In a given frame S, consider an inelastic collision between a particle A and a fixed target B. In frame S, the relative velocity of A (and thus the kinetic energy) to an observer in frame S is not enough to produce a black hole. However, in another frame S', the relative velocity of A is high enough that the center of mass energy could produce a black hole when it collides with the fixed target B.

Does particle A produce a black hole in frame S? If so, then why can't that logic be extended to any collision, given that, for every frame that witnessess a collision that has a particular center of mass energy, there exists another frame where the center of mass energy is enough to produce a black hole?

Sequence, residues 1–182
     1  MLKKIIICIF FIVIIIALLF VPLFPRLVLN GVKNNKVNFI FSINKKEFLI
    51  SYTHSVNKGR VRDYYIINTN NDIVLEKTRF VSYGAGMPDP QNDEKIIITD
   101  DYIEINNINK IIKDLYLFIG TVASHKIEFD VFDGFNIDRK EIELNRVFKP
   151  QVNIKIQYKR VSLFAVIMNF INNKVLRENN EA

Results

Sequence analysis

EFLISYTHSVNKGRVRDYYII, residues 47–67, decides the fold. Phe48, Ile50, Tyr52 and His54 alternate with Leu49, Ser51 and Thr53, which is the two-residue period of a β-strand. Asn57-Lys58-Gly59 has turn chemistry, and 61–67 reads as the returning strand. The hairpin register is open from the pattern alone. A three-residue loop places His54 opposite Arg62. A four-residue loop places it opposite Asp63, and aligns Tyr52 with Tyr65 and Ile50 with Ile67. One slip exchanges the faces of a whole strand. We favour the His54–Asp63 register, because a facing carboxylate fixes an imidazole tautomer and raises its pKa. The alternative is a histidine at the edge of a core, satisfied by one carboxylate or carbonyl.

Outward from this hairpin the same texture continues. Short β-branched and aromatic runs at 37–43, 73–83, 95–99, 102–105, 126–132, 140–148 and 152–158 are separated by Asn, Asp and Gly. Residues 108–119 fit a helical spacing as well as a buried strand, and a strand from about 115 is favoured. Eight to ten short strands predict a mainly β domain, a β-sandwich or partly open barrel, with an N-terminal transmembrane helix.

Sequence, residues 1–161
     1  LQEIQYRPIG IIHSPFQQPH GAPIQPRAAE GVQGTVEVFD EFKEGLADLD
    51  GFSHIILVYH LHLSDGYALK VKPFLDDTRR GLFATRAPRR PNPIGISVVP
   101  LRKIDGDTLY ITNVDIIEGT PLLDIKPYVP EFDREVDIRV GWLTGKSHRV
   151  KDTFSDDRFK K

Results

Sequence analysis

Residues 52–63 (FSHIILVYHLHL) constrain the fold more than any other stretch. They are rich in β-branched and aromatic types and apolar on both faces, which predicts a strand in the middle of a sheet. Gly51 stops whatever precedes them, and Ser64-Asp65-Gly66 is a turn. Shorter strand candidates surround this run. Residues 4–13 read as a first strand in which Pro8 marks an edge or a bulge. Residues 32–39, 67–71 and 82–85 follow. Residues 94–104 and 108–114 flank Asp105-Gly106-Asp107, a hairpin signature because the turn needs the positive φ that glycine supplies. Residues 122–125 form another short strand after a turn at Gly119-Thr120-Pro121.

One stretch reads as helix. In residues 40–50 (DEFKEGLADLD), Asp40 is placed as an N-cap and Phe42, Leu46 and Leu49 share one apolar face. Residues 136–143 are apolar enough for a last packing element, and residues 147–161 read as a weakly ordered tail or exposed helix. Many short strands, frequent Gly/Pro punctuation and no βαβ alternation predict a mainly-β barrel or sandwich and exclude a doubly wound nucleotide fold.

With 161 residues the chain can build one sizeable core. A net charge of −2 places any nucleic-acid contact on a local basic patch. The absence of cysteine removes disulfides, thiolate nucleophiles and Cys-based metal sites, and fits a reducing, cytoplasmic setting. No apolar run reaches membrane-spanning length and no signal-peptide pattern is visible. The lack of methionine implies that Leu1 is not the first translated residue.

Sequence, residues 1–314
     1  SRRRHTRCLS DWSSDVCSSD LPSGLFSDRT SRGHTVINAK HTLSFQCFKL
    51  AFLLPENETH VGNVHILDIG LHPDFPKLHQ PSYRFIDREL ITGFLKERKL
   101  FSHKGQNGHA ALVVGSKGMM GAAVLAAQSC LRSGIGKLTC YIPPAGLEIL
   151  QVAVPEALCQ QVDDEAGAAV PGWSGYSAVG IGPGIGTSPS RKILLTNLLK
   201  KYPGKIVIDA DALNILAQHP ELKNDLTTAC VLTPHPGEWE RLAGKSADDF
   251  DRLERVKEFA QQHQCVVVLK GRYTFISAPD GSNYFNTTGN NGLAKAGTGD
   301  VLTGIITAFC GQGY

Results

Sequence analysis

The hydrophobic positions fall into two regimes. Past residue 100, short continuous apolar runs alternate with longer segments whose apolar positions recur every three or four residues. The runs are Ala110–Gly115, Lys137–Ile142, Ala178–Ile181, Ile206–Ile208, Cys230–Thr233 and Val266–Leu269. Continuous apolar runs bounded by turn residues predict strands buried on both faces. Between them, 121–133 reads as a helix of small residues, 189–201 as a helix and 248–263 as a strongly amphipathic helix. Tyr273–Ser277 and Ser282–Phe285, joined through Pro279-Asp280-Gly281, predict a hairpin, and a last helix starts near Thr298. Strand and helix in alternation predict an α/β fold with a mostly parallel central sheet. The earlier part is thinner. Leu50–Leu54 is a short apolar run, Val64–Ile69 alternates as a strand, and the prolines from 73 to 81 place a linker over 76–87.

1 Answer 1


If particle 1 (2) has 4 momentum $p^{\mu}_1$ ($p^{\mu}_2$), then in the center-of-momentum (colloquially, the center of mass), the total 4 momentum is:

$$ P^{\mu} = p^{\mu}_1 + p^{\mu}_2 = (E_1, \vec p_1) + (E_2, -\vec p_1) = (E_1+E_2, 0)$$

and its square

$$P^{\mu}P_{\mu} = (E_1 + E_2)^2 $$

is a Lorentz invariant.


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